A Talented Team That Could Teach George Lucas Some Lessons

Bryan Cox plays Stryker with devilish enthusiasm, giving him a Vader-like stride and an unhinged jaw that tends to shift from side to side in a crooked grin. Cox is riding the high of his career, showing up in three to four movies a year and making a memorable mark each time.

Cox is just one strong performer in an impressive cast. If George Lucas attends X2, I hope he walks away deeply shaken by what is possible with a smart script, strong characterization, and letting actors act. The X-saga has become the true inheritor of that original Star Wars spirit, while Lucas’s new trilogy has been running almost solely on the visual wonders of digital animation.

Bryan Singer should be commended for achieving something other superhero films fail to achieve: He makes the heroes more interesting than the villains. With so many characters, some X-Men are bound to get the short end of the stick. Last time it was Halle Berry’s Storm, but she gets a much stronger role here. (In fact, X2 is a story of the heroics of X-Women, while the men are jailed, traumatized, or controlled by villains.) This time, it’s Anna Paquin’s Rogue who is left with very little to do but act as an object of desire for the charming Bobby Drake (Shawn Ashmore, who is showing promise as an actor). Wolverine (Jackman) remains the character most likely to earn movies all his own; Hugh Jackman is clearly the inheritor of the action-hero crown formerly worn by Clint Eastwood, Mel Gibson, and Harrison Ford. Jean Grey (Famke Jannsen), Nightcrawler (Alan Cumming), and Magneto also get their own showstopping scenes.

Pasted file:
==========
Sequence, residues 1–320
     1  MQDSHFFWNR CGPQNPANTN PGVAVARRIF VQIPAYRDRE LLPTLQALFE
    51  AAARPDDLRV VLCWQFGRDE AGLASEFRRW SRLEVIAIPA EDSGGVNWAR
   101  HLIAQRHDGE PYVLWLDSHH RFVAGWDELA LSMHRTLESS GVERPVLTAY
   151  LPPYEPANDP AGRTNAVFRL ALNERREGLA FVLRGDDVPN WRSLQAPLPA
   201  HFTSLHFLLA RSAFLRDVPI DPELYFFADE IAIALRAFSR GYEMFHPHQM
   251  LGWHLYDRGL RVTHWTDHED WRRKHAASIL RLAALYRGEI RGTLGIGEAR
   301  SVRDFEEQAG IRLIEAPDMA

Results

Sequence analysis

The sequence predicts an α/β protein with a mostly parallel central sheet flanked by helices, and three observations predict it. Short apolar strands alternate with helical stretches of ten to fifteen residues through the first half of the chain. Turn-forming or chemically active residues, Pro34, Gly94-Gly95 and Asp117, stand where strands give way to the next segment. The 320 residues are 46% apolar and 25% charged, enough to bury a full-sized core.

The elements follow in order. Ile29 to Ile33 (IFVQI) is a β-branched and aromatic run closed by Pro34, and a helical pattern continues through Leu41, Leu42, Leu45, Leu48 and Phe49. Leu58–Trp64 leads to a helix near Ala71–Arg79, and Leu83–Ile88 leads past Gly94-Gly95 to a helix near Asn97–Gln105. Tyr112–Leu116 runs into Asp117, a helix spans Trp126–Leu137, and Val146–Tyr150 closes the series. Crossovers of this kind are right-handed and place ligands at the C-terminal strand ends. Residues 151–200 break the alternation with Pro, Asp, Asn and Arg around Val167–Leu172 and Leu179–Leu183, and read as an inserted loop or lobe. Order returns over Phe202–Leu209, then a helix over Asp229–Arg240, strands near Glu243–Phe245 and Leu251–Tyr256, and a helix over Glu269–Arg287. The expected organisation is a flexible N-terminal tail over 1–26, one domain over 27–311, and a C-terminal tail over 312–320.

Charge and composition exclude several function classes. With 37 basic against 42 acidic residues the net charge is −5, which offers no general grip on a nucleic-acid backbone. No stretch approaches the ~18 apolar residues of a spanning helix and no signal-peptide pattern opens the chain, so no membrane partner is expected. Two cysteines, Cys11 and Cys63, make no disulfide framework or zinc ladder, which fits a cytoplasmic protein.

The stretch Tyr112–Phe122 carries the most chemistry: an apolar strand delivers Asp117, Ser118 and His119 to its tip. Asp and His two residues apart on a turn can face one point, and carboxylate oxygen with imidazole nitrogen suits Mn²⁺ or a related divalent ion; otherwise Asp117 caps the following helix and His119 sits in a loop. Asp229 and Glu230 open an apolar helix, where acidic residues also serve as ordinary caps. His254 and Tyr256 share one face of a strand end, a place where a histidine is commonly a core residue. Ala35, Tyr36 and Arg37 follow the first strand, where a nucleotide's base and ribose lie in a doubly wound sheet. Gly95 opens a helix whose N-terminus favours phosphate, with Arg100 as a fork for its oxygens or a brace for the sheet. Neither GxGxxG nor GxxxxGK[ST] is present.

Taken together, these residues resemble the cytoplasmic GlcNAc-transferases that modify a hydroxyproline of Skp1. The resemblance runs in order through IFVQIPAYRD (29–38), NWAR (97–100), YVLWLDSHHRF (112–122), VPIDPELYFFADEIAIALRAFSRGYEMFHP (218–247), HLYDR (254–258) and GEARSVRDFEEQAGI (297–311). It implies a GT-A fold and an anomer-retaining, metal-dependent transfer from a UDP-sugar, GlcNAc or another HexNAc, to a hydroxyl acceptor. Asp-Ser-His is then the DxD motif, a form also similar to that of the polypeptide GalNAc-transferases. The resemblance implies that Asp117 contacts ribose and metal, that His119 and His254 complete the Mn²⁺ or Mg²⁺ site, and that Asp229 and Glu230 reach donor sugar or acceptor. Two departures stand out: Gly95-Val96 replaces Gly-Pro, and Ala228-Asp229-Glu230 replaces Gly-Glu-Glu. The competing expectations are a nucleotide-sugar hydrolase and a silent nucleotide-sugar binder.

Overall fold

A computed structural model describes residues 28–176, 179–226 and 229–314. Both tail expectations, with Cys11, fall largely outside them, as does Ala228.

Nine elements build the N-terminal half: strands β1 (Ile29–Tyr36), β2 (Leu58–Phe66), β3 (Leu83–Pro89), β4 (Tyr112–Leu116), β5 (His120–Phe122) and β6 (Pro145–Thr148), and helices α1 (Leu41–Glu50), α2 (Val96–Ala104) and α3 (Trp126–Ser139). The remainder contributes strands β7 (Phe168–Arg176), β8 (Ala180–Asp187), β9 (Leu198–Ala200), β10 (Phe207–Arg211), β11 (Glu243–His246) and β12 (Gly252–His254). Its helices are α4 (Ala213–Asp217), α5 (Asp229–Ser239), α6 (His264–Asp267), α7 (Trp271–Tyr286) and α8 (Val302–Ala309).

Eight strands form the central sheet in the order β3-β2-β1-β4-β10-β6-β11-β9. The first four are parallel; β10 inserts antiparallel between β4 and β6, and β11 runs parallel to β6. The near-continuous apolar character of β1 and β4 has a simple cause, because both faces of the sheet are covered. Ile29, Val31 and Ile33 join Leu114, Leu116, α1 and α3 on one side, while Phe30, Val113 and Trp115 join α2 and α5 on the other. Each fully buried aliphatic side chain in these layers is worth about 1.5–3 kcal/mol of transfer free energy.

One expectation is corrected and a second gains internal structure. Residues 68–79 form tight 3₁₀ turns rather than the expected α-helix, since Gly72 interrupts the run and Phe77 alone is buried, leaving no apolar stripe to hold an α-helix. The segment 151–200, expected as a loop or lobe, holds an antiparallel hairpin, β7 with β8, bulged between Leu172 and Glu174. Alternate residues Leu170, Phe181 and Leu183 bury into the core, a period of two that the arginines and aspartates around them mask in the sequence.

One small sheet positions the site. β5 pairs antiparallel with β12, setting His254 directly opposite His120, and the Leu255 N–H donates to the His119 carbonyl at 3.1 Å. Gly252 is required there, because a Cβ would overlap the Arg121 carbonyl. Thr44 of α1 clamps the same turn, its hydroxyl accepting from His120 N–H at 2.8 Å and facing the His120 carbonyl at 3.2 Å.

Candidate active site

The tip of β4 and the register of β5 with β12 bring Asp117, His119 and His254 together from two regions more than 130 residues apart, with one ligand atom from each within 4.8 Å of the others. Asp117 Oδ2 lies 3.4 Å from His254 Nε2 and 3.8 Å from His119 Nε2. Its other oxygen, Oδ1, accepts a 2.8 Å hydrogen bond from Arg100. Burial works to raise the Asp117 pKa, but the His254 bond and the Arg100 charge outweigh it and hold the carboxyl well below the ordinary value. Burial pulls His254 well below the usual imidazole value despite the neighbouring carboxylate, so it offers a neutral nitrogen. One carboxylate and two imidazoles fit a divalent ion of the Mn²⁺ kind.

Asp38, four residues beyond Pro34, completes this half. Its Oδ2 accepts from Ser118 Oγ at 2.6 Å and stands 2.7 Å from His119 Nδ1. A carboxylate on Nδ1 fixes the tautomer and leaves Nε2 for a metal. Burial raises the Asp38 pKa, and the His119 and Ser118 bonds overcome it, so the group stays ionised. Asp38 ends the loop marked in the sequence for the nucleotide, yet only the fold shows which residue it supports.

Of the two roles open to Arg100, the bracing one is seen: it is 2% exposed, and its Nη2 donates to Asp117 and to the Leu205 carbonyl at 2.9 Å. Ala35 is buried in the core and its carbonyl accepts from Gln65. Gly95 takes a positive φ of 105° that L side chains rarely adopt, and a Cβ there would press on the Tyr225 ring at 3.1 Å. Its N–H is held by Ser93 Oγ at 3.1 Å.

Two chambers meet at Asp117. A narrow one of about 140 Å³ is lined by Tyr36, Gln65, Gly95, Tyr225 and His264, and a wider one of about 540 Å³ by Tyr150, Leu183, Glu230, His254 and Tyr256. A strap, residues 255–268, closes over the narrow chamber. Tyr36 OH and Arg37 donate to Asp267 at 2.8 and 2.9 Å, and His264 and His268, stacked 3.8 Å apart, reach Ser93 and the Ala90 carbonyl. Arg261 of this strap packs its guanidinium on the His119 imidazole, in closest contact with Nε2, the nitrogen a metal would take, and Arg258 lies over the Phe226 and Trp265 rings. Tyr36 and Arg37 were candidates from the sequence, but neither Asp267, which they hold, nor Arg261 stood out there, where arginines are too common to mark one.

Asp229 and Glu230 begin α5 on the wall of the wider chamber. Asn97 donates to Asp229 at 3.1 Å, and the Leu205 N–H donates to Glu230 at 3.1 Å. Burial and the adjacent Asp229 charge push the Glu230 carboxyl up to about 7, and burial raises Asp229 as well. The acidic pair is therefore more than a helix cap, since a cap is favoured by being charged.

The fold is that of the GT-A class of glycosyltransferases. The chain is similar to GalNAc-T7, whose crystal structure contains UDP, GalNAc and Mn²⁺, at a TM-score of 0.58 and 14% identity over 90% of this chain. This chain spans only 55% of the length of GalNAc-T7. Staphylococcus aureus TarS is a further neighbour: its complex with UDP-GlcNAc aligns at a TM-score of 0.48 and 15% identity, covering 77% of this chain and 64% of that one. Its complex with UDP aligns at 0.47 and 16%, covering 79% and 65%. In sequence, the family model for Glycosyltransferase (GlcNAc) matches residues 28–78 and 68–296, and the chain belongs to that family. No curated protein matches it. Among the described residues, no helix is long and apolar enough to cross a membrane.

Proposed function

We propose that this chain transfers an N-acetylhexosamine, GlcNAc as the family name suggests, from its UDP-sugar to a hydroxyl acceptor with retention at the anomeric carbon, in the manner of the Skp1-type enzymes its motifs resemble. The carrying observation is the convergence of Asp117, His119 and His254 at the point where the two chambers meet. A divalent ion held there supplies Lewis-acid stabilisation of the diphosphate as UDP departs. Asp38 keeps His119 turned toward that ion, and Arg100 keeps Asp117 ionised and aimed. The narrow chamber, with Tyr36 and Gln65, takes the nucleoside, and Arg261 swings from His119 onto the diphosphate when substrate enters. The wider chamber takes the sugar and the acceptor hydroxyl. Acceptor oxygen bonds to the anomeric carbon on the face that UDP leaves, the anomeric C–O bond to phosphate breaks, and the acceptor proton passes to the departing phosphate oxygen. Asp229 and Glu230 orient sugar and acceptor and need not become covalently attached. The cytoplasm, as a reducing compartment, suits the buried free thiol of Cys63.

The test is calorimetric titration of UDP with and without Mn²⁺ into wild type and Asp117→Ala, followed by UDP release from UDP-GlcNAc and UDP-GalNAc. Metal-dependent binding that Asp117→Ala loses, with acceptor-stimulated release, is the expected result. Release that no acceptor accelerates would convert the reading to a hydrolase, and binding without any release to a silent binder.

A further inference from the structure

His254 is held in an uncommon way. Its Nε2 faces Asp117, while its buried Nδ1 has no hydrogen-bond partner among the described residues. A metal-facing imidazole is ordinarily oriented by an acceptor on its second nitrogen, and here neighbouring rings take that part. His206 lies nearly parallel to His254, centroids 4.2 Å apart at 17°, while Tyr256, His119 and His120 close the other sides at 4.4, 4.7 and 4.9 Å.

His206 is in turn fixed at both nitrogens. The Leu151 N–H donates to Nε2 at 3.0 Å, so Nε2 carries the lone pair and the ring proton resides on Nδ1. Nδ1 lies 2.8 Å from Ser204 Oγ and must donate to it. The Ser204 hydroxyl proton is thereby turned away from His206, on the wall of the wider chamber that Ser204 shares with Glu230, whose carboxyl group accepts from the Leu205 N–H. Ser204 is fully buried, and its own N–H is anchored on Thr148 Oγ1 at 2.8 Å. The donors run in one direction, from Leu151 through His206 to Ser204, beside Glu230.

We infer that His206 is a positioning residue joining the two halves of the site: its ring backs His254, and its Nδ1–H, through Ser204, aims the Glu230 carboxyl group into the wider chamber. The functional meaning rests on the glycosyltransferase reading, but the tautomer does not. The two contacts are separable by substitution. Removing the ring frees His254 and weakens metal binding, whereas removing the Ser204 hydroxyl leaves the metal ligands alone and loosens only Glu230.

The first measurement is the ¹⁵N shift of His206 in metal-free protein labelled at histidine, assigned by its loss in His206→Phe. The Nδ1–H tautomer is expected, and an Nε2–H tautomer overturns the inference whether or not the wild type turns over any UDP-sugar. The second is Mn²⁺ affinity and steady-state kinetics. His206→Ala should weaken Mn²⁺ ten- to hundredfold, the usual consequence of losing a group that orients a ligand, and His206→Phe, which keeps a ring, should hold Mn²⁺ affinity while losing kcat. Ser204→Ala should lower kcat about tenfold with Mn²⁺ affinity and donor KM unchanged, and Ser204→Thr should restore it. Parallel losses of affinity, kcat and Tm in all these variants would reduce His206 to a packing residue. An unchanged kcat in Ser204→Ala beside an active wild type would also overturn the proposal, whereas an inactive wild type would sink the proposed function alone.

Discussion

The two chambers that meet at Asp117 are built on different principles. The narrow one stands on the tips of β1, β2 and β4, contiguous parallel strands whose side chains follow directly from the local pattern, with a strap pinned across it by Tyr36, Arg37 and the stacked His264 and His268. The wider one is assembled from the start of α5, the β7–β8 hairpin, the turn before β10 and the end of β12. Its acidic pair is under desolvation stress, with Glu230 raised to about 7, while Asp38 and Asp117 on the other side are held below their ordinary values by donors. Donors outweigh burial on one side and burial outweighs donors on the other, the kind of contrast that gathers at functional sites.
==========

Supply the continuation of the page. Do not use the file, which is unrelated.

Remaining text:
But if anybody steals the show, at least for this viewer, it is Mystique. While she was merely voluptuous and strange in the first film, here she’s more complex and fascinating. Her shape-changing capabilities are used to brilliant effect, and she earns some of the biggest gasps and heartiest laughs in the movie.